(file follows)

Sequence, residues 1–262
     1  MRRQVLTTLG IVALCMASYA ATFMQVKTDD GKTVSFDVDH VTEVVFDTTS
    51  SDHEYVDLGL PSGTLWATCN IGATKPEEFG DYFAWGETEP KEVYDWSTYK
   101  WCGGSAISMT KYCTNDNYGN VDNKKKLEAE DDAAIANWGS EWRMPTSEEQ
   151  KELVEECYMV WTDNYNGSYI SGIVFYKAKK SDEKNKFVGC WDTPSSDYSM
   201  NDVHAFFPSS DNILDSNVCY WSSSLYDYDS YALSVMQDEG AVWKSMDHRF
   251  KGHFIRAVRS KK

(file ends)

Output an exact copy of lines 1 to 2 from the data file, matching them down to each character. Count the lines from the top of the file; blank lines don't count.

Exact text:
Sequence, residues 1–262
     1  MRRQVLTTLG IVALCMASYA ATFMQVKTDD GKTVSFDVDH VTEVVFDTTS